Friday, March 11, 2011

The Rape of Lucrece

This earthly saint, adored by this devil,
Little suspecteth the false worshipper;
For unstain'd thoughts do seldom dream on evil;
Birds never limed no secret bushes fear:
So guiltless she securely gives good cheer
And reverend welcome to her princely guest,
Whose inward ill no outward harm express'd:

For that he colour'd with his high estate,
Hiding base sin in plaits of majesty;
That nothing in him seem'd inordinate,
Save something too much wonder of his eye,
Which, having all, all could not satisfy;
But, poorly rich, so wanteth in his store,
That, cloy'd with much, he pineth still for more.

(The Rape of Lucrece, 136-149)

We continue with Shakespeare's exploration of the theme of unrequited desire turning to force with another narrative poem, The Rape of Lucrece. (See my post on Titus Andronicus for a rationale as to the value of works dealing with this ghastly and shocking theme of violence against women.) Lucrece is even longer than Venus and Adonis, but whereas...
 ...the silly V & A was a bit of a weary slog for me, I thought The Rape of Lucrece was a totally fabulous poem!

What's going on here?

Well, Shakespeare conveniently lays it all out for us in a little 25ish line long prose intro to the poem, "The Argument." Read this and you will get the whole story of the poem (*SPOILER ALERT*), to wit: there is an evil ruler in ancient Rome named Tarquin. Having heard of the beauty of Lucrece, the virtuous wife of one of his captains, Collatine, he comes up with a scheme to go to her house and rape her! Villain! So then Lucrece tells her husband what happens, he swears revenge, and Lucrece stabs herself. :( This sad incident leads to political change - no more tyrants like Tarquin.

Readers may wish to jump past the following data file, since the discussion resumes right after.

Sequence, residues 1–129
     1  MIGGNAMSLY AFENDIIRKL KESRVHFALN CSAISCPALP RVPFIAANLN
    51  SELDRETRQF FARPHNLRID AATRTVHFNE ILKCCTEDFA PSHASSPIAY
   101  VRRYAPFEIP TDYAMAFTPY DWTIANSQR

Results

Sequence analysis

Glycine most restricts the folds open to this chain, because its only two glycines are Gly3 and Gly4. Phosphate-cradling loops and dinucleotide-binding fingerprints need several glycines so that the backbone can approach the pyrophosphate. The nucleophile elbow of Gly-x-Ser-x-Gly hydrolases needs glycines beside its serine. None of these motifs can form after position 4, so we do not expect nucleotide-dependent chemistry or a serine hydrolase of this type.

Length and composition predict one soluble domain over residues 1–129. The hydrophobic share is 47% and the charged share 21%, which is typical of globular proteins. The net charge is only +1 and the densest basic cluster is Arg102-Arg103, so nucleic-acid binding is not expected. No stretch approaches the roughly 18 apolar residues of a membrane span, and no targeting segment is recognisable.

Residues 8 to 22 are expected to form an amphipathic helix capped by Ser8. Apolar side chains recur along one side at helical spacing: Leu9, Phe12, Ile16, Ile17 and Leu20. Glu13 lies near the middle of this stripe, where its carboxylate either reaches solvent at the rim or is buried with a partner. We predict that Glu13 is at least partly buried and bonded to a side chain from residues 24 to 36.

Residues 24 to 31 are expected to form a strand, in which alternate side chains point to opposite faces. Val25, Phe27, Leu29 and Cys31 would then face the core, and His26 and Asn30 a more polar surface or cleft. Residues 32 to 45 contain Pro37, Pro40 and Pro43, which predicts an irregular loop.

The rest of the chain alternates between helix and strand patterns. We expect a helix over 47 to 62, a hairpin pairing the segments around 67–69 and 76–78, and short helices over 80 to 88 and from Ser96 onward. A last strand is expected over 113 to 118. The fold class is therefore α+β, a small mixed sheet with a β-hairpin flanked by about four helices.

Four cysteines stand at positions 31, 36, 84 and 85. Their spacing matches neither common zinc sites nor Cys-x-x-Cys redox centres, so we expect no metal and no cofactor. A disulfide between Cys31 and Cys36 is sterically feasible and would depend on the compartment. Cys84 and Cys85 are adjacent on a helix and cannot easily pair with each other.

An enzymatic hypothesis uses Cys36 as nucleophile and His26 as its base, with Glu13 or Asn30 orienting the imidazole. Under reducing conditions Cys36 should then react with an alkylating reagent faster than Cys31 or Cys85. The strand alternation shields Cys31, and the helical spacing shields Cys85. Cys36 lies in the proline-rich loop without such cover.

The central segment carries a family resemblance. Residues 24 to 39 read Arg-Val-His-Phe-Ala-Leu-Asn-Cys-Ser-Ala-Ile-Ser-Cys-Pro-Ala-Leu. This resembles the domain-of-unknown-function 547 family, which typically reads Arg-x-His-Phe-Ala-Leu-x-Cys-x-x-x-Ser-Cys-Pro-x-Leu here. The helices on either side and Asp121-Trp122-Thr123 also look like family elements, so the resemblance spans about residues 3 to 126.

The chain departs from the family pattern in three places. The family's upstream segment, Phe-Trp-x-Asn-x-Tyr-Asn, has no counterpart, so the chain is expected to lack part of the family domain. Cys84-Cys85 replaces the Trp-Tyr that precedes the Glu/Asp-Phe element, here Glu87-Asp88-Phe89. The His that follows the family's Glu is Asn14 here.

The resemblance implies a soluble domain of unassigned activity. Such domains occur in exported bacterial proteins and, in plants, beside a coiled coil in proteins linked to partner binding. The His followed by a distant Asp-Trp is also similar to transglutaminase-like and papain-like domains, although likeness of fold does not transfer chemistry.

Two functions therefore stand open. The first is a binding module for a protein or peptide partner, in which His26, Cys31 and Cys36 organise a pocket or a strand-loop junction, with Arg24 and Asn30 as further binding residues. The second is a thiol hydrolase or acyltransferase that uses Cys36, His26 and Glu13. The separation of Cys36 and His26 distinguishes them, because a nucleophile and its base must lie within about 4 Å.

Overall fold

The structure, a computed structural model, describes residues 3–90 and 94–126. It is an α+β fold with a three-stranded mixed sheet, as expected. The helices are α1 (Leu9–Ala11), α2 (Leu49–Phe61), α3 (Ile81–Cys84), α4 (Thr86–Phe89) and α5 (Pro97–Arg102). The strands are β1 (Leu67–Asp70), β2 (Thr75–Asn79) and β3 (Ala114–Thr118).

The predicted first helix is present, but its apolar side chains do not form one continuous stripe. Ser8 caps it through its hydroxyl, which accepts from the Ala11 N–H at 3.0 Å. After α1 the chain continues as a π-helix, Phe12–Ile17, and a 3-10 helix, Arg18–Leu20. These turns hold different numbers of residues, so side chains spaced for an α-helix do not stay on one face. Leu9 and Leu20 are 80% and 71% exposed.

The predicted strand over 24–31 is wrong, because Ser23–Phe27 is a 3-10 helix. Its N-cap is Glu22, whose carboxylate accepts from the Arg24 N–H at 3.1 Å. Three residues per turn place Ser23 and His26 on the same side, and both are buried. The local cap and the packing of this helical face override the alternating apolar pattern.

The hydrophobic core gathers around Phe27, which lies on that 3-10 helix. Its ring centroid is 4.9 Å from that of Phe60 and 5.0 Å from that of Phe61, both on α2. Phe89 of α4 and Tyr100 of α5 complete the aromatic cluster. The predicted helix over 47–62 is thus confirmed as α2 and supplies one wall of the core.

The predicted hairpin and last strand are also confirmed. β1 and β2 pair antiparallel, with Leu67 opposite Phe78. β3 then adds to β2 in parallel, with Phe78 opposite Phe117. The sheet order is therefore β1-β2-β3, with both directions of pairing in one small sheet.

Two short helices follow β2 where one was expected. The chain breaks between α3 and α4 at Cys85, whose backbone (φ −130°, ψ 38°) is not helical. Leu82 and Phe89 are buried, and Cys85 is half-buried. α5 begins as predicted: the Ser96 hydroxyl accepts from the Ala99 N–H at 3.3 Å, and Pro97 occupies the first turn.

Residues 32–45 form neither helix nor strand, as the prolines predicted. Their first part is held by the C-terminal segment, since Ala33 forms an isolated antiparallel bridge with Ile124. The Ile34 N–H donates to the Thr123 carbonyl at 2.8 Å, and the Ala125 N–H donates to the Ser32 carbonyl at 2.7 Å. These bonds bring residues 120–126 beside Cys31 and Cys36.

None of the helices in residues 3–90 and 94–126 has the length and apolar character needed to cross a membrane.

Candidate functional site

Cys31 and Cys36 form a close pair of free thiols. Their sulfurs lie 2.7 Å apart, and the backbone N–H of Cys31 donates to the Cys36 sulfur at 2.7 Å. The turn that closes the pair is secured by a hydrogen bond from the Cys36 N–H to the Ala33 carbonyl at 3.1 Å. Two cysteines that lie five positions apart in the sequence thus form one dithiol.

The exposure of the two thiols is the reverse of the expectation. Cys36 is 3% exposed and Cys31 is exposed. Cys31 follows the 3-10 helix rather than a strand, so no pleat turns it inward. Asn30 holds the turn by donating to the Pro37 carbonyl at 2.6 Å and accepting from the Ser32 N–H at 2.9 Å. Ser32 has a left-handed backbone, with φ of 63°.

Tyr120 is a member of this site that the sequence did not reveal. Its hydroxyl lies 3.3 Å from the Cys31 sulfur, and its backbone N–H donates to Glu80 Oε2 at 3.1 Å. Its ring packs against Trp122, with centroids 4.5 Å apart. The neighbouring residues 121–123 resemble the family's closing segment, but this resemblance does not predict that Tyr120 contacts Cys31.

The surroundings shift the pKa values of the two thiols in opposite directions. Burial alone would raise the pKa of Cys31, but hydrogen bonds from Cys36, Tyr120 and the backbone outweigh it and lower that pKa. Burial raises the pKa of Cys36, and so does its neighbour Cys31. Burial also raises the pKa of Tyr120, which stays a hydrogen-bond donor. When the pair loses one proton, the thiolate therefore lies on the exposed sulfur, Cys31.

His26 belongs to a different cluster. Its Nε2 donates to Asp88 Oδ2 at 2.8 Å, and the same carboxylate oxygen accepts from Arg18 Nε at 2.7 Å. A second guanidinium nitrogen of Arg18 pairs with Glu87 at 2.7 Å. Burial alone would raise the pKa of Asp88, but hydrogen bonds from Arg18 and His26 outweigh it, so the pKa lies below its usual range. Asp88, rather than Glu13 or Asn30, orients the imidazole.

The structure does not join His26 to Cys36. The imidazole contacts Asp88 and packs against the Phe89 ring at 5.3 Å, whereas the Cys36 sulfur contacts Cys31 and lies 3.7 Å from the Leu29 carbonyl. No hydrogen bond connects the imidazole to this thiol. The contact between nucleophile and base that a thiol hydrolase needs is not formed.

Okay, sounds miserable. Why should I read almost 2000 lines of poetry when I get the whole story  right at the beginning before the poem even starts?

First, the poetic artistry of the work is admirable. The whole poem is written in rhyme royal, a complicated rhyme scheme (seven lines of iambic pentameter, rhymed at ababbcc) that was introduced into English poetry by Chaucer. As I remember from studying the Canterbury Tales, use of rhyme royal signals serious subject matter, so this stately meter fits with the tone Shakespeare is creating in this poem. Also, the technical virtuosity required to write a 2000 line poem in accomplished, smooth, expressive rhyme royal is pretty amazing!

Also, check out all the angles that Shakespeare explores in the poem (some of which I'll be looking at more closely in future posts). Rather than just looking at all the discussion of lust and gender and power structures, also read the poem looking at these other themes: moral corruption and deliberately choosing evil against the the protests of concience (like Richard III!); physical attractiveness reflecting - or not - the condition of the mind (Richard III again!); division vs. unity of the body and soul; incredible animal imagery and metaphors, especially related to birds; the treatment of time; the cathartic role of art; and the ultimate, final question - is it permissible to take control of your own destiny and take your own life? In addition to all this, the story of an individual tragedy is given a larger significance by placing it in a larger political context.

Don't be like me and shy away from the poem because of the title, blazoning forth as it does all the trauma of the contents. It's worth the reading.

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